Are some topics off limits for undergraduate research?

This is a draft version of the my forthcoming editorial for Début: the undergraduate journal of languages, linguistics and area studies. I have published it here as I think it is of wider interest than the LLAS community. Are there some topics undergraduates should simply not attempt?

Are some topics intrinsically too difficult for undergraduate students to write about? This question has been raised in some form by two reviewers in the past few months where a student has submitted a paper to the undergraduate journal Début which either engages with very complex ideas or attempts to challenge a well-established theory and offer an alternative. Should scholars lay off trying to dismantle received wisdom and attempting to make theoretical breakthroughs during their undergraduate education? Can undergraduate researchers genuinely advance the discipline? One might argue that if an idea is really good enough to be taken seriously by the academic community it is good enough to be published in a journal which is not restricted to undergraduates.

One of the most memorable incidents of my own academic career took place as an undergraduate. I was in a tutorial with a professor and three other students. I can’t remember what the trigger was, but he turned to one of my fellow tutees and responded, “You may be cleverer than me, but I have been reading this stuff for the past fifteen years.” He pointed to the books by Marx on his bookshelf and told us how difficult it was to really understand Marx, notably because his output was so enormous. If you wish to really understand something you have to do a lot of reading – that takes time.

But should a lack of time to read the entire literature prevent publication in an undergraduate journal such as Début? When we ask people to review for Début we send them a form which reminds them that this is an undergraduate journal and that their expectations should take account of this.  Some reviewers feel that certain topics should not be attempted at all. Others suggest that well thought out and plausible arguments and theories developed by undergraduates should be published, irrespective of whether or not the arguments are fully polished or the writer does not have a full grasp of the existing literature or that their ideas would not make publication in a non-undergraduate journal.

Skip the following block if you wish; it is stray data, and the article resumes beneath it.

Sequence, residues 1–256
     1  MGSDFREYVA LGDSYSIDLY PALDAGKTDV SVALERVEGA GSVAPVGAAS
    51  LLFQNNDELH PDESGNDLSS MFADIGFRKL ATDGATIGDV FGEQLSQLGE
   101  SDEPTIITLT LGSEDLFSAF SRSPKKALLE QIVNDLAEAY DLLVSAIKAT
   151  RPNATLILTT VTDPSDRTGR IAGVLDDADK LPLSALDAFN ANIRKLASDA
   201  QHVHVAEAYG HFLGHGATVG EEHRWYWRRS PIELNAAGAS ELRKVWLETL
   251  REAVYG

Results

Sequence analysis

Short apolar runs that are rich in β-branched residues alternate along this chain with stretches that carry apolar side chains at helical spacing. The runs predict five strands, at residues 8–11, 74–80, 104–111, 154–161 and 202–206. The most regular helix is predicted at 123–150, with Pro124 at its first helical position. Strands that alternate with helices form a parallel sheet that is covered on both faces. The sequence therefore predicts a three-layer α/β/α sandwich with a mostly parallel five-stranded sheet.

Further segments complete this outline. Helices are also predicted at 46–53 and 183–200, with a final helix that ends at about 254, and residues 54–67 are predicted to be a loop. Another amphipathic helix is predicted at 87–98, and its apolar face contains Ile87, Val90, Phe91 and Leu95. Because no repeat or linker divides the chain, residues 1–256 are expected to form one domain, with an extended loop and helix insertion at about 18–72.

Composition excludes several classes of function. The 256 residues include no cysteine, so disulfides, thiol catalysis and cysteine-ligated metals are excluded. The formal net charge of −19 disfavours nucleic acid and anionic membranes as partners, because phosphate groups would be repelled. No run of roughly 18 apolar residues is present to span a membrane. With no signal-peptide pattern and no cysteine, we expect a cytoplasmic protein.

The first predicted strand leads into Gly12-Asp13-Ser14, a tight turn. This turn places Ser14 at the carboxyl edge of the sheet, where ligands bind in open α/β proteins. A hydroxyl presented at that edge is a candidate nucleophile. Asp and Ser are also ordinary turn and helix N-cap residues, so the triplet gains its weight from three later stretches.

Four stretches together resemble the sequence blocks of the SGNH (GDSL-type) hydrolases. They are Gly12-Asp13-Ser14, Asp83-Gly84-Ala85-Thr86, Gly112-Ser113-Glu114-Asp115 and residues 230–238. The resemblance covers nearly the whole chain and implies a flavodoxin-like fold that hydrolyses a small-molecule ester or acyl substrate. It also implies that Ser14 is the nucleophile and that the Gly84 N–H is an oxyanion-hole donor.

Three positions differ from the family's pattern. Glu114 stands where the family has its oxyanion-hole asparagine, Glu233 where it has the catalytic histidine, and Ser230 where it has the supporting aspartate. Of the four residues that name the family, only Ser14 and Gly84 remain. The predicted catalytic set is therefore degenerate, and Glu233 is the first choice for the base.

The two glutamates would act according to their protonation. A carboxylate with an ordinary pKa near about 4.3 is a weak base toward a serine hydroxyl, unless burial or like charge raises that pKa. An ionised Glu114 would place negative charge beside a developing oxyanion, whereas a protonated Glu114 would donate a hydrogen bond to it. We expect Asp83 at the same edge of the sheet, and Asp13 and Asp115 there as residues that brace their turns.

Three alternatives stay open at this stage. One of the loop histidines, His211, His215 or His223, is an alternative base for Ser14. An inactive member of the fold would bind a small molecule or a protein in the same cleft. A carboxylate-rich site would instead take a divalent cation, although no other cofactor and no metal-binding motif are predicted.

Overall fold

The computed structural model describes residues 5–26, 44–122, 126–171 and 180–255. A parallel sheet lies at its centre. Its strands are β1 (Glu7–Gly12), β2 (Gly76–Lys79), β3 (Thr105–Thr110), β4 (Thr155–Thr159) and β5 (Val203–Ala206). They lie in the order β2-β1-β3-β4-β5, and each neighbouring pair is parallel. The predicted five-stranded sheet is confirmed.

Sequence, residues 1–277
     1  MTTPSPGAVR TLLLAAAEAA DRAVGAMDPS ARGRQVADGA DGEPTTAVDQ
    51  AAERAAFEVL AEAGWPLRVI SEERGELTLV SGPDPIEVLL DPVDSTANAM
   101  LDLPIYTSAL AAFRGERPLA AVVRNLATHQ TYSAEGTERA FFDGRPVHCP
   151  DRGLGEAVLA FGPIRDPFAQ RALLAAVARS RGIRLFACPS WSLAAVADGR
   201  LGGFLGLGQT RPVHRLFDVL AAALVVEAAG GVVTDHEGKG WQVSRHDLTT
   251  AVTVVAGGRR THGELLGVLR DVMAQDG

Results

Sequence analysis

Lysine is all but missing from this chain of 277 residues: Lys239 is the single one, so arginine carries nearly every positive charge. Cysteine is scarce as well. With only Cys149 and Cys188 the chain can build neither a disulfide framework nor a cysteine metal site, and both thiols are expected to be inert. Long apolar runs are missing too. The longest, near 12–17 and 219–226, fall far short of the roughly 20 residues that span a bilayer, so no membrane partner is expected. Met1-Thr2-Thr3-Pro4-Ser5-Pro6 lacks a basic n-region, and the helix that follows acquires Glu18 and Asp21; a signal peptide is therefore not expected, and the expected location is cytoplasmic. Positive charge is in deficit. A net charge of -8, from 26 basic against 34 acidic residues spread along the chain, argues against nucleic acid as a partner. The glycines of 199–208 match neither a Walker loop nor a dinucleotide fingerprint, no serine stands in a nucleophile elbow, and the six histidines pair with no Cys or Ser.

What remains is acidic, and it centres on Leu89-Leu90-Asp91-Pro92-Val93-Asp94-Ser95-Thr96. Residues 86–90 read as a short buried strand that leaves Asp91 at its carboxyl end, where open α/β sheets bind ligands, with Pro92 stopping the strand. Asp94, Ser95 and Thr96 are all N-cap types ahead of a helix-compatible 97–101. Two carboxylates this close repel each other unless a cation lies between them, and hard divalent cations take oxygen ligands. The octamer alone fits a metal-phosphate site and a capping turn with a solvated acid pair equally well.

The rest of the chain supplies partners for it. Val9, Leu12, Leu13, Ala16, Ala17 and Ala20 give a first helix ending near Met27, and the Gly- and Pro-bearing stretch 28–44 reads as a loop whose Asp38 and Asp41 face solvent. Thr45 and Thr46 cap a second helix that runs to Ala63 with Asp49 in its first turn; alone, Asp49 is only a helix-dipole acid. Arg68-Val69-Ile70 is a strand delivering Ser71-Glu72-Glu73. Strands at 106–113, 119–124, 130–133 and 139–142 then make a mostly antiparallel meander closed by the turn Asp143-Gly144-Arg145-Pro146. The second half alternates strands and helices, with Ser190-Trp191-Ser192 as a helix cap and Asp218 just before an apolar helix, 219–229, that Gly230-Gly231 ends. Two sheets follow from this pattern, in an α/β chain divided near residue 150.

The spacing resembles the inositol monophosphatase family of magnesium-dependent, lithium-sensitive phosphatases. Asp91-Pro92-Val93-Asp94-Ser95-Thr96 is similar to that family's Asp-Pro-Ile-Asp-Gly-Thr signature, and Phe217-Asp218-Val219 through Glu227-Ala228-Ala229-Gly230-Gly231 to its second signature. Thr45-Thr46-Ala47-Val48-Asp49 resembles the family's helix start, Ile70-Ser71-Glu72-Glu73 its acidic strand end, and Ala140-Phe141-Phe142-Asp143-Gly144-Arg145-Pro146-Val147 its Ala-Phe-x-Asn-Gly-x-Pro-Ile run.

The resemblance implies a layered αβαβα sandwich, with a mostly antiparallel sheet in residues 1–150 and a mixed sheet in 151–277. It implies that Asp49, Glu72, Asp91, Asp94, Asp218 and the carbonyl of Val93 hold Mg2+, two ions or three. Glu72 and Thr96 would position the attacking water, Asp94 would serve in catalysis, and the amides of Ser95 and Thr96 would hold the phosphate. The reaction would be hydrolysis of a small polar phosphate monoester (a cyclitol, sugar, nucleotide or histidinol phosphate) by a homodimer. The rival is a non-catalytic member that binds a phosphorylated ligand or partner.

Although undergraduate journals have become increasingly popular in recent years expectations remain unclear. In the first Début editorial in spring 2010 I conceived of the aims of the journal as follows:

Début not only aims to showcase existing research and scholarship — it is also a form of training for the aspiring academic. Whatever its advantages and limitations peer review forms an important part of the process by which academic knowledge comes into being – it is perhaps a matter of concern therefore that many students graduate unaware of how the articles which appear in journals came to be there. The articles in this first volume are “first class” essays made even better. (Canning 2010: ii).

Début is a fifth issue is a useful time to return to the aims and objectives of the journal, but equally importantly a good time to remind ourselves of what Début is not. Début was and still is an undergraduate journal. Undergraduate journals complete the research cycle for undergraduate students giving them an outlet for their work familiarising them with the (imperfect) peer review process (Walkington in Corbyn 2008). I hope that everyone who publishes in Début benefits from the process and that readers enjoy the articles.

I sincerely hope that some of today’s Début contributors will become academic stars of the future. What we see in Début today may be the beginnings of paradigm-shifting work for the future.


Canning, J. (2010) Editorial: Introducing Début: Début: the undergraduate journal of language linguistics and area studies 1.1 pp. i-ii

Corbyn, Z. (2008) Let students enjoy the power of print. Times Higher Education, 7 August 2008.

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